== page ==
It’s frankly impossible for outside observers to tell what the public back-and-forth between the United States and Israel on Iran is all about. The Post reports: “Israeli leaders on Thursday delivered one of the bluntest warnings to date of possible airstrikes against Iranian nuclear sites, adding to the anxiety in Western capitals that a surprise attack by Israel could spark a broader military conflict in the Middle East.” It appears to mean there is “a deepening rift between Israeli and U.S. officials over the urgency of stopping Iran’s nuclear program, which Western intelligence officials and nuclear experts say could soon put nuclear weapons within the reach of Iran’s rulers.”
As one Middle East expert put it to me, “The Israelis are trying to influence the U.S., EU, and Iran, and the U.S. is trying to push Iran into negotiations to prevent an Israeli strike. But the rhetoric from Israel gets tougher and tougher.”
Meanwhile there are two recent developments to keep in mind. First, the Wall Street Journal reports:
U.S. officials say they believe Iran recently gave new freedoms to as many as five top Al Qaeda operatives who have been under house arrest, including the option to leave the country, and may have provided some material aid to the terrorist group. . . .
U.S. officials believe there have been recent indications that officials in the Iranian government have provided Al Qaeda operatives in Iran limited assistance, including logistical help, money and cars, according to a person briefed on the developments.
In short, the notion that we could tolerate an Iranian nuclear weapons program and “contain” the regime’s conduct is undermined daily by reminders that allowing Iran to get the bomb effectively opens the door to every imaginable terrorist operation by its proxies (e.g., dirty bombs in U.S. cities). While the administration would have us believe that Israel is too alarmist, the United States and Europe should share the same sense of urgency. The West in general, not simply Israel, is at risk from an Iranian nuclear weapons program.
Second, our own actions in Iraq and Afghanistan give both Israel and Iran the impression that we are unserious about our own security. The Iranians were delighted to see us bug out of Iraq, opening the way to bolder intrusion into Iraq’s affairs. Then, as The Post editorial board observes, we’ve thoroughly confused our allies and enticed our foes by a “muddled” and premature drawdown plan in Afghanistan: “A rapid U.S. drawdown in Afghanistan will most likely lead to a renewed civil war in which the Taliban could again gain the upper hand. That would endanger U.S. interests throughout the region — starting with a nuclear-armed Pakistan — and mean an unforgivable breach of faith with the Afghan women and men the United States promised to enfranchise and defend.”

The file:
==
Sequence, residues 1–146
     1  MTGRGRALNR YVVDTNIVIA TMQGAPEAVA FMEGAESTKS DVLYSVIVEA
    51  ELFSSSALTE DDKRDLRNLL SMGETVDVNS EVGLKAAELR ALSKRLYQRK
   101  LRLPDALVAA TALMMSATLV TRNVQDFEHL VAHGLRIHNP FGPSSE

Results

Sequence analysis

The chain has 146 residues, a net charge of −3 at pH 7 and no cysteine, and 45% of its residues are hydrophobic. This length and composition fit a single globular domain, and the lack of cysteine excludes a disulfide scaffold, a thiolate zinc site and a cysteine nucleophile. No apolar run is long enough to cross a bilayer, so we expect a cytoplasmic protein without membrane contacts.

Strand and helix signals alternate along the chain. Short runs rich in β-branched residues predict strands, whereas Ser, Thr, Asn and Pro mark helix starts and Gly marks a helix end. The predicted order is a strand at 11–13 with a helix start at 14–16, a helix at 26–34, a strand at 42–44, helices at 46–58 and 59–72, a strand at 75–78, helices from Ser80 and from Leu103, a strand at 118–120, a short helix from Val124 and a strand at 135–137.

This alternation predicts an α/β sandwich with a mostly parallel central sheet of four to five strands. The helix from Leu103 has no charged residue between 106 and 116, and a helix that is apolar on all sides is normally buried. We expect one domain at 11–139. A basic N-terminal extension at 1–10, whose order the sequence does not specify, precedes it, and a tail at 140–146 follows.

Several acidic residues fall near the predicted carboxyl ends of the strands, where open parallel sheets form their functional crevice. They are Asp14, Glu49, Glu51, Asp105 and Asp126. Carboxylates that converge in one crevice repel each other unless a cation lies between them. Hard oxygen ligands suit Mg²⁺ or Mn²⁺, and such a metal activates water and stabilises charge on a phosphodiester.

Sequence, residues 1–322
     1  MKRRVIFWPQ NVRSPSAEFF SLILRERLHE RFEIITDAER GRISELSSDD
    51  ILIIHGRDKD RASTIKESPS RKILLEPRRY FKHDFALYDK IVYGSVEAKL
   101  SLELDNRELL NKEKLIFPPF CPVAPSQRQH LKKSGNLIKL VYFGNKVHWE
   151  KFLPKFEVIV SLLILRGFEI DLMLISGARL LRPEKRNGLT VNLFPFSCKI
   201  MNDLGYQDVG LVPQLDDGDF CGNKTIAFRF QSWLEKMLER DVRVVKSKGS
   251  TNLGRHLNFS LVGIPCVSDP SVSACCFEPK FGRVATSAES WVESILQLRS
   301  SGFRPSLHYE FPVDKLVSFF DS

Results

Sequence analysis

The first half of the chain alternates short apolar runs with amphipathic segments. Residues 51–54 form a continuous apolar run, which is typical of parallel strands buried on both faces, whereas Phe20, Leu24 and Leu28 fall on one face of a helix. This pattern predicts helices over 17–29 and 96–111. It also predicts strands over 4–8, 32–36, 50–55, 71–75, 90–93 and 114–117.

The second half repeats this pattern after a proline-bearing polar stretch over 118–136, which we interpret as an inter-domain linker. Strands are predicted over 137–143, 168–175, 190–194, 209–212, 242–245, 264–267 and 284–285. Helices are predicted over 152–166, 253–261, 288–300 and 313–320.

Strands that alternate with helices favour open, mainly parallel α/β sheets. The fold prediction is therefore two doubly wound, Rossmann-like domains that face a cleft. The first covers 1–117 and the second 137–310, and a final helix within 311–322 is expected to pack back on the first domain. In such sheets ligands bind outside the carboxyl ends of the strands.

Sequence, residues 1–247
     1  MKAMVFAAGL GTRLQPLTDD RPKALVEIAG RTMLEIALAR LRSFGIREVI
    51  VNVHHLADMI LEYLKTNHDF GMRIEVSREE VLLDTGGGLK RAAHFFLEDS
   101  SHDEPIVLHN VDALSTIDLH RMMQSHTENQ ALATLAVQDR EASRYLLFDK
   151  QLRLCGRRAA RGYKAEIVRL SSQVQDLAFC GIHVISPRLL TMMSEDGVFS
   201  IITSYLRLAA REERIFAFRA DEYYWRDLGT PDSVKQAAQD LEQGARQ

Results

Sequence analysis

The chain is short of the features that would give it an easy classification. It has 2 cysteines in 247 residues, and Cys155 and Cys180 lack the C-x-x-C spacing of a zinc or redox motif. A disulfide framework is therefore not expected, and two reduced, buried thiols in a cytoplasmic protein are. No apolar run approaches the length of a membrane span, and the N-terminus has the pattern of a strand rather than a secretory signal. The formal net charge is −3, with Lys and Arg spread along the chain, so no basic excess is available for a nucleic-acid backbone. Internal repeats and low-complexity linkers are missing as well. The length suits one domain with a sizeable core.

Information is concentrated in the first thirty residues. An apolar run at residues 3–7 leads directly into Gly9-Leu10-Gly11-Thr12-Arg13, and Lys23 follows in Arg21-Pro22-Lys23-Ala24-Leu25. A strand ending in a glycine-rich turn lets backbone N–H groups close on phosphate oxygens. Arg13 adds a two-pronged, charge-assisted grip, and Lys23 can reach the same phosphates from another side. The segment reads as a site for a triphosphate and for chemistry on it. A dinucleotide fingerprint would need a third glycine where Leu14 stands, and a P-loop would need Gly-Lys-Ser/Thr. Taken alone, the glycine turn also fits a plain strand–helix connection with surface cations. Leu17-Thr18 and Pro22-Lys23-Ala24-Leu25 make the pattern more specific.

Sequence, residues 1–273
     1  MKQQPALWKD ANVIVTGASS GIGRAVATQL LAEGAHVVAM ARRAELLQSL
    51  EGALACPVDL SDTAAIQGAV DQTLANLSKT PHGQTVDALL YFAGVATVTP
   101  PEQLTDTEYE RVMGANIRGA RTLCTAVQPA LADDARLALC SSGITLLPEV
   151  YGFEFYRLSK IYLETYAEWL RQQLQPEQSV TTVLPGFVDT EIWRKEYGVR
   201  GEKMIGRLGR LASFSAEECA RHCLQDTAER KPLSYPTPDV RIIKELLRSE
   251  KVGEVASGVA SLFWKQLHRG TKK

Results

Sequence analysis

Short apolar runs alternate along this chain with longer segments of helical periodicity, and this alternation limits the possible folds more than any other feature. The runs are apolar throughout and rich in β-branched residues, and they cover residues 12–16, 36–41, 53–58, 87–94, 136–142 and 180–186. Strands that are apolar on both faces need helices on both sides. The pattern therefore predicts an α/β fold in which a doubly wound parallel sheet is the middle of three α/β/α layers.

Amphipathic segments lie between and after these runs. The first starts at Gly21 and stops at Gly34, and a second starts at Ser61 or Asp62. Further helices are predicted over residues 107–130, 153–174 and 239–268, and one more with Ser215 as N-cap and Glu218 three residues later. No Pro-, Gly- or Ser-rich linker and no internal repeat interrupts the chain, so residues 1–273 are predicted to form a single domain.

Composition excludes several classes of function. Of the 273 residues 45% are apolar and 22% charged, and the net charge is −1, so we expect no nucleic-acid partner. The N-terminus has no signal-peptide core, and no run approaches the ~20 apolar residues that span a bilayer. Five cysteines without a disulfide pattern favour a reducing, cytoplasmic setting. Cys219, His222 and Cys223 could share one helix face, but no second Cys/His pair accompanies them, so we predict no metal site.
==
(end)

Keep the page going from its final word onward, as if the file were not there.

If you were the Israeli prime minister seeing all that, would you rely on the American cost-benefit analysis in determining when to strike Iran? If you were in the shoes of Iranian leaders, would you see the administration’s desperation to negotiate with the Taliban and conclude that it’s possible to dangle the prospect of talks in front of the Americans’ noses while moving forward with one’s strategic objectives (i.e., become a nuclear power)?
I’d like to think that the current rhetoric is a carefully choreographed dance between the United States and Israel to force Iran to capitulate. But somehow I doubt it. For if capitulation (rather than a return to endless, fruitless negotiations) is the endgame, why is the administration dawdling on sanctions, forgoing full support for the Green Movement, dragging its feet on oil sanctions and repeatedly downplaying the utility of military action?
It is far more likely that the public sparring match reflects what we have seen all along, namely a split between the Israeli government and a U.S. administration driven by domestic politics (no wars right now, please!), wary of military action and disinclined to do anything that might disrupt its dreams of “negotiated settlement” with a regime that shows no inclination to abide by agreements, respect fundamental human rights or deny itself the status of nuclear superpower.